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Real world data exposes 'right to work' fiction
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Real world data exposes 'right to work' fiction

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Long before the COVID-19 pandemic, our economy was already struggling with an alarming divide between haves and have-nots. As economists have detailed this widening gulf on important outcomes like worker earnings and access to health care, they have also detailed a parallel trend: declining numbers of workers represented by unions.

This is not coincidental.

Strong unions have always moderated the inherent power imbalance between employers and workers — protecting health and safety rights, bargaining for better wages and benefits, and promoting civic engagement. These core union activities are financed through membership dues and fees paid by the workers they represent.

When unions are weaker, bosses have more power — and more resources to pocket for themselves.

By prohibiting clauses in union contracts that ensure all workers represented by the union pay for the services they receive, so-called “right-to-work” laws are designed to deliver precisely this outcome.

These laws have nothing to do with anyone’s right to work. Instead, they are about the balance of power in a workplace. In “right-to-work” states, unions end up with less money to advocate for working families.

Twenty-seven U.S. states currently have such laws on the books. Twenty-three states, including Montana, do not.

In a recent study we compared economic, social, and civic outcomes between the two types of states — quantifying what it means to have a “right-to-work” law — and a policy framework that tips the scales of power even more in favor of the boss.

Specifically, it means lower wages, slower wage growth, fewer workers with health insurance and retirement security, fewer skilled trade apprentices and workers with bachelor’s degrees, more on-the-job fatalities, more poverty, more consumer debt, a shorter life expectancy, and lower levels of voter participation.

Notably, Montana currently outperforms the average “right-to-work” state on each of these core metrics. This is not an accident, but rather a function of more workers being able to bargain with a stronger voice over the terms and conditions of their employment.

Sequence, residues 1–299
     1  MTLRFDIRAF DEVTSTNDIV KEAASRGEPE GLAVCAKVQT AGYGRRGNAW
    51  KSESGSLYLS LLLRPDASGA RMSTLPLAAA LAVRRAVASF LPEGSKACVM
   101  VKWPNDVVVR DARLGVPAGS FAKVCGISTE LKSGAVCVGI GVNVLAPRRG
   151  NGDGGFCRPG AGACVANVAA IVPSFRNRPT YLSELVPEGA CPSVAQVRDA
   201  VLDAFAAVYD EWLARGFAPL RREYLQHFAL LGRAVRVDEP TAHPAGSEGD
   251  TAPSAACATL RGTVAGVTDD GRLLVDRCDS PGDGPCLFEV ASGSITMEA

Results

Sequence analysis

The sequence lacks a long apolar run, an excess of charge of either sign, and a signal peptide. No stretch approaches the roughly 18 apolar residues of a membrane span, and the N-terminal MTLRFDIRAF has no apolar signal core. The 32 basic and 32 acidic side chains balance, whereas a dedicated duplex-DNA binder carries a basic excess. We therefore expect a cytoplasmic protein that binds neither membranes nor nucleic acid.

This strong voice is especially critical for essential workers like firefighters, police officers, nurses, and teachers. Yet the data shows that these workers face a pay penalty ranging from 5% to 16%, on average, in so-called “right-to-work” states.

Of course, “right-to-work” proponents often push back with the fiction of trickle-down economics — claiming that when the balance of power shifts in favor of bosses, those bosses will invest more in creating additional jobs.

This claim simply is not borne out by the data. In fact, during the decade-long economic expansion that followed the Great Recession, the economies of so-called “right-to-work” states grew 3% slower, on average, than the alternative. Worker productivity is also 17% lower in “right-to-work” states

These broader economic impacts are not surprising. It certainly doesn’t take a Ph.D. in economics to understand that hourly workers living paycheck-to-paycheck are more likely to spend a few extra dollars of income back in the economy than their bosses.

Some of the wealthiest corporate interests in the country have been lobbying to enact “right-to-work” laws for decades. And while they have been successful in some state legislatures, their success has also given researchers copious data to utilize in evaluating the extent to which their efforts have produced desirable economic outcomes for workers and the taxpaying public.

They haven’t.

If we have learned anything from the events of the past month, it is that we should resist allowing the partisan or financially motivated passions of the moment to blur the line between fact and fiction.

The fact is that “right-to-work” laws mean lower wages, slower economic growth, less access to health insurance, a shorter life expectancy, and deep cuts to the pay of essential workers. Any claims to the contrary are pure fiction.

Dr. Robert Bruno is director of the Project for Middle Class Renewal at the University of Illinois-Urbana Champaign and Frank Manzo IV is the policy director of the Midwest Economic Policy Institute.  Read their latest study on the impact of Right to Work Laws here.

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